Books and Beyond
At the library book sale in August, I found a hardcover of “Smoky: The Cow Horse,” by Will James. It has the protected dust jacket on it and the Marshall-Lyon County Library envelope for the check-out card across from the back cover. It’s a Willow Leaf Library book published in 1926 by Charles Scribner’s Sons. This book was on the free table! It’s a keepsake that reminds me of how I began to check out books as a youngster in our school library and in the library offered by our local postmaster.
James’s Preface in “Smoky” begins this way:
To my way of thinking there’s something wrong, or missing, with any person who hasn’t got a soft spot in their heart for an animal of some kind … whatever kind of animal it is a person likes, it’s all hunky-dory so long as there’s a place in the heart for a few of them. (p. v)
He illustrated the book with 43 of his drawings.
This was a timely happening, because I was about halfway through reading my hardback copy of “Bambi: A Life in the Woods,” knowing I planned to write my next library column about the book. I called our daughter to ask if she still had her copy of “Bambi,” and she does. She said her husband also has his copy of the book, and my husband has his copy.
Felix Salten wrote the first book about Bambi in 1923, and it was translated and printed in America in 1928. My hardback has a foreword written by John Galsworthy, a well-known English author, in 1928. He calls it a “masterpiece.” He writes that ordinarily he doesn’t like it when animals speak words as humans do. But in a way he forgives Salten for doing that.
I think most experts who study animals of every kind all over the world would say it was OK for Salten to imagine what the deer and their friends are talking about in the book “Bambi.” Animals do communicate. One of my favorite chapters is when Bambi and Faline are saying they love each other.
Each chapter begins with a description of nature — the beauty of the season, and the conversations among the animals who are enjoying it. Here is an example from Chapter XXIV, the next to the last chapter:
The cold broke, and there was a warm spell in the middle of winter. The earth drank great draughts of the melting snow so that wide stretches of soil were everywhere visible … The woodpecker began to chatter, … Magpies and crows grew more talkative. (p. 278)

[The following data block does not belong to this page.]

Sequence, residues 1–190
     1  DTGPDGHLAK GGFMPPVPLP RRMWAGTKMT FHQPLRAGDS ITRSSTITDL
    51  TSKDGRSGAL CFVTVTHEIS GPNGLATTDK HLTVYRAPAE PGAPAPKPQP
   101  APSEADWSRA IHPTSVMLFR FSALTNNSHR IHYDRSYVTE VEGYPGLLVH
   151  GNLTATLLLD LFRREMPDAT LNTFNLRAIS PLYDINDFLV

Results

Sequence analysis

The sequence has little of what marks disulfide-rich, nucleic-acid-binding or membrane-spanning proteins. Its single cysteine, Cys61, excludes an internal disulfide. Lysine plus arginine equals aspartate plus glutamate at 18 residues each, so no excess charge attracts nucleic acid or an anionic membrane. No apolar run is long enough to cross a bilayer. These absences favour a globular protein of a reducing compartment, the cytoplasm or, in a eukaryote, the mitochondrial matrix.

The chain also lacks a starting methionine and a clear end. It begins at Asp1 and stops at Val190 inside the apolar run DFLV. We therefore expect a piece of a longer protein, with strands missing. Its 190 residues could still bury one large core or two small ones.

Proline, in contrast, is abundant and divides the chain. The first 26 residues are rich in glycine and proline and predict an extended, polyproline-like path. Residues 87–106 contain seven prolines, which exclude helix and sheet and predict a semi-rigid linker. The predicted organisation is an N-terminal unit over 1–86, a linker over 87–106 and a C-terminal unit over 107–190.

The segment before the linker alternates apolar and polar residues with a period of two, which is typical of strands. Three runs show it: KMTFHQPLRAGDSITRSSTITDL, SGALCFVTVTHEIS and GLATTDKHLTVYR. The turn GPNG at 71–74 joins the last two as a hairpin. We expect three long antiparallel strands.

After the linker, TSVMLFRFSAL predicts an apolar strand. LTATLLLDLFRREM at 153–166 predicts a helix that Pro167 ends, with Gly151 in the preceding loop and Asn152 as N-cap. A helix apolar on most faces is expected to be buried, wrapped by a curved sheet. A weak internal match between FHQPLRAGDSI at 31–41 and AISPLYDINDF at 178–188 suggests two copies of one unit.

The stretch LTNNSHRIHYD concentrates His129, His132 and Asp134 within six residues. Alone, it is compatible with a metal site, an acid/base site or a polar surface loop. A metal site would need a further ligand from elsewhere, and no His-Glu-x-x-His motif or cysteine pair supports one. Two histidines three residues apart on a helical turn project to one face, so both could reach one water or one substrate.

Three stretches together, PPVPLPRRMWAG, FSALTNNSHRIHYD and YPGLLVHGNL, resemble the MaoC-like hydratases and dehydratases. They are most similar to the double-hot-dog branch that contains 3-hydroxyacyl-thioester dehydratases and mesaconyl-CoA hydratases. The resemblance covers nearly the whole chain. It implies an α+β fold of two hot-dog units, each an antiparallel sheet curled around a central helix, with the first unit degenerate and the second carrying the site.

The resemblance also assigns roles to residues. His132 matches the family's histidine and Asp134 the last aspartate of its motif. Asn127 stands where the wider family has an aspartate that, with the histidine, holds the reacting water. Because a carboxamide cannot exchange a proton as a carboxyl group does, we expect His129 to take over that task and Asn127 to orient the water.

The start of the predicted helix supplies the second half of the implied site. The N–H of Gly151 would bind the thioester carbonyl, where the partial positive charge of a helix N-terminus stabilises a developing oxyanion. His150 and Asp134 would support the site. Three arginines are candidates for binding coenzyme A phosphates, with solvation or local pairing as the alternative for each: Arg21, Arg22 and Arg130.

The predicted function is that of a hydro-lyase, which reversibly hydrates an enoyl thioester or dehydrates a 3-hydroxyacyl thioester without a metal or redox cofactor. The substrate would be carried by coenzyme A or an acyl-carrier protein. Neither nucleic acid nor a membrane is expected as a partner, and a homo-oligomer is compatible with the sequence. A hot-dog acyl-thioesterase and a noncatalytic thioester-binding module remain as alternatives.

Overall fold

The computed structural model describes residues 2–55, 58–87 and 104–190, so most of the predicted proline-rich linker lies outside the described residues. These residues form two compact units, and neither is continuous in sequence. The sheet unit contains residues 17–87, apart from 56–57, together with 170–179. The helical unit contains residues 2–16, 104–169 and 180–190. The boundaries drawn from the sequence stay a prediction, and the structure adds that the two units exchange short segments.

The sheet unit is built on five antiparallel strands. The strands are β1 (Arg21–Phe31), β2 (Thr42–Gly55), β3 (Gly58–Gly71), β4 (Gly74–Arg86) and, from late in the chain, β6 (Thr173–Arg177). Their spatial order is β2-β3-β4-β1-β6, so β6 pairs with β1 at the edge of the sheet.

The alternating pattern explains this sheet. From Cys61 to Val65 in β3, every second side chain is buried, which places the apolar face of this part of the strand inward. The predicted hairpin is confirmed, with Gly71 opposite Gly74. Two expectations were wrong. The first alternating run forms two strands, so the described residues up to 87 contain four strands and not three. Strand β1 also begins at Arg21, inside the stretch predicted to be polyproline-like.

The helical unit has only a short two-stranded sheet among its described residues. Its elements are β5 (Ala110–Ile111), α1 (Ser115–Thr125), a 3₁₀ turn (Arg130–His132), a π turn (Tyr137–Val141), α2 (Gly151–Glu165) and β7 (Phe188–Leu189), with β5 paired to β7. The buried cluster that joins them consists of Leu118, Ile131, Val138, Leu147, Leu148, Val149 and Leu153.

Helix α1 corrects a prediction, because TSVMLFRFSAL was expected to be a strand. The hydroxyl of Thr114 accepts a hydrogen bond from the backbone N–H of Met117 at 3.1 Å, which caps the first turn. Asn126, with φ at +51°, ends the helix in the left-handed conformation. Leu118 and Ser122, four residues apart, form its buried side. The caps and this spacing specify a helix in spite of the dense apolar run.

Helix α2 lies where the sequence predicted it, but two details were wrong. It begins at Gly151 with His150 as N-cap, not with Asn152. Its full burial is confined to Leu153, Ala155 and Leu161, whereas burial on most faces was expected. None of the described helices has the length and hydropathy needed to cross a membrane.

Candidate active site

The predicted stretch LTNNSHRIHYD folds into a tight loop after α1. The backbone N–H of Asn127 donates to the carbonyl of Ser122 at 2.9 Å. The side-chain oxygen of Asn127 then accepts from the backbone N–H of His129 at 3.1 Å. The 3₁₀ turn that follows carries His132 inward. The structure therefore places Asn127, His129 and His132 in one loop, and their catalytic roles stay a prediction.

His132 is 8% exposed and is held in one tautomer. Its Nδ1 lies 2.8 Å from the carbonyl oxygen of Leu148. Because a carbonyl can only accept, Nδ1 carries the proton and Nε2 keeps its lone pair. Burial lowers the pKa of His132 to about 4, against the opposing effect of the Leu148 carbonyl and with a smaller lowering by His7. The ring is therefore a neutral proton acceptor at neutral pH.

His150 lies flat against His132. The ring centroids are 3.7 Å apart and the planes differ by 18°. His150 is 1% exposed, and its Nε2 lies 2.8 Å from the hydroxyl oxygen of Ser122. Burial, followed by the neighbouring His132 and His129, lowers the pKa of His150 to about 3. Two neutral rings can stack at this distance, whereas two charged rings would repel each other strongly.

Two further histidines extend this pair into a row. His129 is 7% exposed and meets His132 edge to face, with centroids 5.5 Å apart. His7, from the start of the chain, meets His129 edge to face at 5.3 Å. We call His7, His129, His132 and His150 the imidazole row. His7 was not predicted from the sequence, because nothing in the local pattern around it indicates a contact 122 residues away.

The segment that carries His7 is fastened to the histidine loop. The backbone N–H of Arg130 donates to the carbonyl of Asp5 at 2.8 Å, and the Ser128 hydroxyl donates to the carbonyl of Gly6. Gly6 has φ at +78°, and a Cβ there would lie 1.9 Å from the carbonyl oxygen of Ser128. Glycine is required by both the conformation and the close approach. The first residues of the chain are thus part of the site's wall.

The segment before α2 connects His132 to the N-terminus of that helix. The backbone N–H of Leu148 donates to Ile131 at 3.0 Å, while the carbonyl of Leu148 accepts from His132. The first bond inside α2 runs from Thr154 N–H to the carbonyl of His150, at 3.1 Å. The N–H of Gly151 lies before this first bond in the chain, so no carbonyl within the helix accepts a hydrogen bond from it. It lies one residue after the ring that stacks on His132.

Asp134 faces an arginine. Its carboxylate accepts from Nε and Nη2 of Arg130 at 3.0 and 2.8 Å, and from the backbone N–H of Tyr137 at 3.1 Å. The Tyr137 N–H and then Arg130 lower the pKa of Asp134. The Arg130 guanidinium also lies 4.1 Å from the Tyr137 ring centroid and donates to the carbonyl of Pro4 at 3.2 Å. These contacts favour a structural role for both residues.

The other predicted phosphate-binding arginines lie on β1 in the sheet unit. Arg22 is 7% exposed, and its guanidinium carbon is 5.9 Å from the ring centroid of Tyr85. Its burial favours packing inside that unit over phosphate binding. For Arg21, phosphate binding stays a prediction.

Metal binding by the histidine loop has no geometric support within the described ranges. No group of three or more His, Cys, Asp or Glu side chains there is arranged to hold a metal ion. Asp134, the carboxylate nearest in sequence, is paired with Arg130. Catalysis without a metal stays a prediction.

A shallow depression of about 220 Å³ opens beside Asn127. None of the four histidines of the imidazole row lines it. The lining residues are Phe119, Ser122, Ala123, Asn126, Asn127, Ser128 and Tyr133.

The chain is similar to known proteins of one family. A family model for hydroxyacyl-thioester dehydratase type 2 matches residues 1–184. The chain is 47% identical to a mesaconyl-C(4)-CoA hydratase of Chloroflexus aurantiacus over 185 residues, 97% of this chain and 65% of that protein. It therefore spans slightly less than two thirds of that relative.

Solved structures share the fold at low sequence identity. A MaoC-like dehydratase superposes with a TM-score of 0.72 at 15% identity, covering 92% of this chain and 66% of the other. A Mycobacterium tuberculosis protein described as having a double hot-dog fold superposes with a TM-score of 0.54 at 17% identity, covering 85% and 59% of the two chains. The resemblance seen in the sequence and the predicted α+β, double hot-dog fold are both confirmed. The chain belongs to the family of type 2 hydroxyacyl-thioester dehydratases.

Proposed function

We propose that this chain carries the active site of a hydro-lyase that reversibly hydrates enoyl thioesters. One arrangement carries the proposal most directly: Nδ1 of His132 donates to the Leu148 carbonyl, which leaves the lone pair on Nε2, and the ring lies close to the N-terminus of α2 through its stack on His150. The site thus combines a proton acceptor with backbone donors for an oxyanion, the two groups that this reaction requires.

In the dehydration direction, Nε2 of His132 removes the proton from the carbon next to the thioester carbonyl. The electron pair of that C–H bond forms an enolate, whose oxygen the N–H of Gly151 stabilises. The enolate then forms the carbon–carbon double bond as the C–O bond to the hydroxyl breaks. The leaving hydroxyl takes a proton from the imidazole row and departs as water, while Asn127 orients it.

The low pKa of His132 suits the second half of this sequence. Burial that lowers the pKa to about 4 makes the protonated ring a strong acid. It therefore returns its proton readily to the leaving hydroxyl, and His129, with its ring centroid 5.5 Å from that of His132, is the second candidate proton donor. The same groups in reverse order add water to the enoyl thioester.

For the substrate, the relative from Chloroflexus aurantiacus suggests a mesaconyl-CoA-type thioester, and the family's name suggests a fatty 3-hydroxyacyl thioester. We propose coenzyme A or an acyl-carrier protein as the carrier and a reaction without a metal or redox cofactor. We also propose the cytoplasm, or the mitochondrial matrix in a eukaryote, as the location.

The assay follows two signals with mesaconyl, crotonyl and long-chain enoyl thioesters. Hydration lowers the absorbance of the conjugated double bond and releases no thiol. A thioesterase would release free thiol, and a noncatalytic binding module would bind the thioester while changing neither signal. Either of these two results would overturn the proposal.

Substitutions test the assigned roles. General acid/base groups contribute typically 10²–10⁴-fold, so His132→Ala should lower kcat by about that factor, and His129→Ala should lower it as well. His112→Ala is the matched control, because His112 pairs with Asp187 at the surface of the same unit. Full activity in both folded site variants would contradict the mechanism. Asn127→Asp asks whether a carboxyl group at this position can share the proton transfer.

I don’t think I need to say much about Bambi’s life, because I’m pretty sure you read the book as a child, had it read to you as you went to sleep, or read it to your child or grandchild. There is a second Bambi book written by Salten: “Bambi’s Children: The Story of a Forest Family,” c 1939. I checked this out from Plum Creek Library System and have begun to read it.
In Chapter XXIV in the first Bambi book, the old Stag tells his son Bambi some important things about life. He explains that deer are like the Him (a man) who has been killed and is now lying on the ground. This Him has shot deer who then lie on the ground. Bambi and his family would hear the noise and be scared.
Then Bambi’s father says “There is Another who is over us all, over us and over him” (p.286). The old stag knows his time of life is nearly over, and he says to Bambi “Good-by my son. I loved you dearly” (p. 287).
There are inviting illustrations throughout the book. My artist friend said they are pen and ink etchings made on copper plates. Simon & Schuster didn’t respond to my request to print one of the illustrations with my column. So you get to see a family picture from about 1960. My father is on the floor with the pet rabbit my mother brought into the house! You can understand why there’s a place in my heart for cats, dogs, deer, rabbits, birds, and this year toads and frogs.
Felix Salten was born in Budapest, but the family moved to Vienna, the capital of Austria when he was still a baby. As an adult he wrote many books and also wrote for newspapers in Vienna. In the late 1930s, Salten and his wife, Ottilie Metzl Salten, moved to Switzerland. It wasn’t safe to be Jews and continue living in Austria. They had two children, Paul and Anna Katherina. According to Wikipedia, Hitler banned Salten’s books in 1936.
Nick Simonson’s recent column was about deer, and of course I clipped it to save. Recently when we were eating breakfast, my husband and I took pictures of a mother and her fawn in our backyard. Deer are beautiful.
I have the Disney animated film, “Bambi,” made in 1942. At the beginning when credits are given, we see “From the Story by Felix Salten.” Plum Creek Library System has many Bambi-related books and videos. If I were the English major again that I was as an undergraduate, I would write a term paper about Bambi.